It's not unusual for single-issue parties to become popular through policy targeted towards a specific issue that people care about deeply. The Green Party in New Zealand is a good example of this. They had instant appeal by virtue of their environmental policy at a time when climate change wasn't being properly addressed. The idea that climate change wasn't a priority seems ridiculous now, but this was the 90s. New parties may need to focus intently on a single or small number of issues to gain ground from major centrist parties who already have broad appeal on issues of widespread concern like the economy.

I have a theory on the 2016 United States Republican Primaries. Trump wasn't initially the most popular candidate among Republicans but snowballed to the presidency through his niche appeal among a few becoming widespread among many. Trump and his team created a positive feedback loop on his initial popularity among mavericks who wanted to vote for someone seen as a Washington outsider.

Trump initially had extremely high appeal among mavericks but, I suspect, low broad appeal among moderate Republicans. So with a divided field, it looked like he was the most popular candidate. In mid-2015, in a two-horse race with other republicans, I doubt he would have won. As time went on and he had more opportunities to be seen, his message heard, accepted, and normalised. This is an important point because Trump dramatically shifted what was considered plausible and acceptable policy in the United Stated. As he continued to appear as the front runner because of his popularity in a niche, Trump became the most popular in a two-horse race.

The counter-argument is that his popularity grew as other candidates dropped out, and he won against other Republicans and Hillary Clinton (though of course not in the popular vote). However, I think this is because he had the impression of legitimacy through his initial niche appeal which carried on such that when Trump contested the primaries and election, he was actually popular. I am sure there is more to the story than this. Perhaps I am still looking for answers.

Challenge the incumbents

Popularity may not accord with what we really think and feel. It is important to recognise that with upcoming elections both in New Zealand (NZ) and the United States. If we were to vote based purely on policy, blind to the political party, would the dominant parties still be the most popular? It can be so hard to shake an incumbent. What if it were possible to hit reset on a political system? The system could look very different.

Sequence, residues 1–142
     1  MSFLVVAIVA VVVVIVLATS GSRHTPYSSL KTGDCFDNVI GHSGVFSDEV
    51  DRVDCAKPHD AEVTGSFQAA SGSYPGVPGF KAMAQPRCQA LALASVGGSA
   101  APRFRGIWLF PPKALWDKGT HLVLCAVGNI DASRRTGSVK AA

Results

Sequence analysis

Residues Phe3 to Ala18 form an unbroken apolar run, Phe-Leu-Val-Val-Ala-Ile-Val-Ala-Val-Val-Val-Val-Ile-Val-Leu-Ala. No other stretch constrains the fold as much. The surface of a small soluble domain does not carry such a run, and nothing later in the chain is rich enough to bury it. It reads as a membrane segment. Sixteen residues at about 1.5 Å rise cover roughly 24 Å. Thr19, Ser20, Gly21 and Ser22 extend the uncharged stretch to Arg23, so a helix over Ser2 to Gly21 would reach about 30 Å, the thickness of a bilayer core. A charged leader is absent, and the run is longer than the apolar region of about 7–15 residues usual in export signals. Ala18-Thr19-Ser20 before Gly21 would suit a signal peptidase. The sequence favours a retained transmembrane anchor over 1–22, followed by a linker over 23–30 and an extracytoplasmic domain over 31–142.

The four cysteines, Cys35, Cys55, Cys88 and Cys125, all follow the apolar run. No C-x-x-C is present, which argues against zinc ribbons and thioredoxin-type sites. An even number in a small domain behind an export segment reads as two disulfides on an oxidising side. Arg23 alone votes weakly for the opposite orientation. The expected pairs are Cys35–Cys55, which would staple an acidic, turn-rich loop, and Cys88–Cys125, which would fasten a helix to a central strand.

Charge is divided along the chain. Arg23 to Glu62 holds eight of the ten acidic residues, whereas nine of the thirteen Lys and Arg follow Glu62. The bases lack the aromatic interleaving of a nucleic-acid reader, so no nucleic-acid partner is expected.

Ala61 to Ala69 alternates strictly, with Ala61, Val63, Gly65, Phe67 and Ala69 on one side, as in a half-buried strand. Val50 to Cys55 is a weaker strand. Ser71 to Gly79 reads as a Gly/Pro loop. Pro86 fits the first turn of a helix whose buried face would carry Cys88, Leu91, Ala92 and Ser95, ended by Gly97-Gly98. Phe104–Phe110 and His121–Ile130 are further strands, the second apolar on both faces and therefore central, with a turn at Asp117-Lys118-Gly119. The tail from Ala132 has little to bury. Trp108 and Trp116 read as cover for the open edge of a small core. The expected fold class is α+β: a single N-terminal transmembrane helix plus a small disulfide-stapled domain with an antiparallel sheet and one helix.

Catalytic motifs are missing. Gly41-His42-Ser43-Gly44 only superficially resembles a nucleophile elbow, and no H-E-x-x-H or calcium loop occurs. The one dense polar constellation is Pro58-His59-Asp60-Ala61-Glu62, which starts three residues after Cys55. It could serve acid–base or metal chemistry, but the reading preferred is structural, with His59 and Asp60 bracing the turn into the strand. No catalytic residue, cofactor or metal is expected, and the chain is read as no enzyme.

In NZ, Labour and National are clearly the two most popular parties and have been so for the better part of a century. I wonder if they are only in that position because of their incumbency with voting being "inherited" from one election to the next and passed between social groups and relationships. In the United States, it appears even worse with limited room for contest outside of the Democrats and Republicans, though I appreciate there is a plurality of views within each party. Elections need to be more than a popularity contest and truly represent people's views. How to do that properly without politics becoming a majoritarian mess is a question for another time.

Perhaps I should start publishing cat videos and sneak in the odd economics article to reach more people. However, this is a serious economics blog, that takes itself very seriously indeed, with nothing of a frivolous nature. So, much as Butters and Toto would love to become superstars, there will be no cat videos on Byte Size for the foreseeable future.